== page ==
Major firms urge Japan to bolster 2030 renewables goal

·2-min read
Solar panels in the Japanese city of Yufu, Oita prefecture. Japan sourced about 17 percent of its energy from renewables in 2017

Major firms including Sony, Panasonic and Nissan on Monday urged the Japanese government to make its 2030 renewable energy target twice as ambitious.

Prime Minister Yoshihide Suga last year set a 2050 deadline for Japan to become carbon-neutral, but the country's shorter term renewables goal has long been criticised as lagging.

Japan currently aims to source between 22 and 24 percent of its power from solar, wind and other renewables by 2030, a target set three years ago and soon to be reassessed as the government revises its energy strategy.

A group of 92 corporations known as the Japan Climate Initiative on Monday urged ministers to double this goal to 40-50 percent.

Many of Japan's biggest firms, from Fujifilm to Toshiba, as well as household names in insurance, electricity and food and drink, signed the petition.

"In order for Japan to meet its responsibilities to be one of the leaders in global efforts (against climate change), the target needs to be much more ambitious," they said in a statement.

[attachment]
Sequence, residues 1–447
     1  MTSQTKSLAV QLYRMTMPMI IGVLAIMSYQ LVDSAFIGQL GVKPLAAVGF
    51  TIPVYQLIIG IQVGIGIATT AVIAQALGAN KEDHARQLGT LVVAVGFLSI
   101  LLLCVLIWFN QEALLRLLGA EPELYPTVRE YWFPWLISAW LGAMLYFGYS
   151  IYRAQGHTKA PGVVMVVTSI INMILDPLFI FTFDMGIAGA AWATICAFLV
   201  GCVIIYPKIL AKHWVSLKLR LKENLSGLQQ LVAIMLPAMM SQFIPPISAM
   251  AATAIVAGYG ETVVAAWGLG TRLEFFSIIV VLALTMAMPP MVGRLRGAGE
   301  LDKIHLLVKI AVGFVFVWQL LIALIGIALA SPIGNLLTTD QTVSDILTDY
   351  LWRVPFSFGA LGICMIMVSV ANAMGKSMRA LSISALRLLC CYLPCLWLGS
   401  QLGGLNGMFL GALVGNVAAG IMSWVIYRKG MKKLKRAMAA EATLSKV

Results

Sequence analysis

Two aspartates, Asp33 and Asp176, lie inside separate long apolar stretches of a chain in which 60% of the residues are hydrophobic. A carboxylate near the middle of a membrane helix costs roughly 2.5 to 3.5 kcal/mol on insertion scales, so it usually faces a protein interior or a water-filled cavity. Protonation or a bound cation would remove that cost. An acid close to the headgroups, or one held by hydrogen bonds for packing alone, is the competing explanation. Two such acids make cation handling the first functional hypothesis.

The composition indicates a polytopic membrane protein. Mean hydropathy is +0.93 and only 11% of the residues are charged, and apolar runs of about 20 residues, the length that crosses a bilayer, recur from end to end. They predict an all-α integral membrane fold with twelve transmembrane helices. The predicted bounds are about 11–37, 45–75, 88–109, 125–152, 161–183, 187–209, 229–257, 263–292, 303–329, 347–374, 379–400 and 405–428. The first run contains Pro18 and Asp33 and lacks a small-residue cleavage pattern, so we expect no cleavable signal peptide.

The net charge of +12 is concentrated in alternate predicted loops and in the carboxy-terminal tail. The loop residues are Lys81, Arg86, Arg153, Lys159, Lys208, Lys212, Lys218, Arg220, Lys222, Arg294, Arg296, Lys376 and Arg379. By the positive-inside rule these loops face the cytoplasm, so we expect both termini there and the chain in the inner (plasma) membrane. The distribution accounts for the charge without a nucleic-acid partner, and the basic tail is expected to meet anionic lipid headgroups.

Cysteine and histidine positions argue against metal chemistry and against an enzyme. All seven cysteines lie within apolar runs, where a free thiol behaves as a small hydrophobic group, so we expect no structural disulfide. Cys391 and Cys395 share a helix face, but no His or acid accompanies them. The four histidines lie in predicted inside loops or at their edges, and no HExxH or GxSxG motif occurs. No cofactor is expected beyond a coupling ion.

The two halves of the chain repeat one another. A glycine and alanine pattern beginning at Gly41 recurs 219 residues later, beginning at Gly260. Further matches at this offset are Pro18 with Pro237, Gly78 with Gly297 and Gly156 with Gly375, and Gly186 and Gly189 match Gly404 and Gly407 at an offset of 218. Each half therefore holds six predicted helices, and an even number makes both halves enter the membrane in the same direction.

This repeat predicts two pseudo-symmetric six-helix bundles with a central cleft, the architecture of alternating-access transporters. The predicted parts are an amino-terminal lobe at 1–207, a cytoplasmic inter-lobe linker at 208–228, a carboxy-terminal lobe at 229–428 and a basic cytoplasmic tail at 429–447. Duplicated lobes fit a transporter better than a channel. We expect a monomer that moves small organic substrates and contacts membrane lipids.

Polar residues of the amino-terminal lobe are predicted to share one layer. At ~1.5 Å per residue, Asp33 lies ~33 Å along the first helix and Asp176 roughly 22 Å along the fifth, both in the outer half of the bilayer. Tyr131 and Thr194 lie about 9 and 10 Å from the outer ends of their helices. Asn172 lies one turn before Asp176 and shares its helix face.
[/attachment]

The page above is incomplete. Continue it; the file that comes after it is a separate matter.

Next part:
"An ambitious target will stimulate renewable energy deployment, and Japanese companies will be able to play a greater role in the global business environment, where decarbonisation is accelerating."

Japan's renewable energy use was around 17 percent in 2017.

And by some estimates it may have already hit its 2030 target last year, due to a combination of growth in the green energy sector and a pandemic-related fall in demand.

The country ploughed $16.5 billion into renewable energy in 2019, according to a UN report -- making it the world's fourth biggest investor in the sector, but still far behind China, the United States and Europe.

However, Japan is still heavily reliant on fossil fuels, especially after public anger over the 2011 Fukushima meltdown pushed all its nuclear reactors temporarily offline.

It has struggled to cut carbon emissions since the disaster, with a third of total electricity generation provided by coal, and nearly 40 percent by LNG-fired plants.

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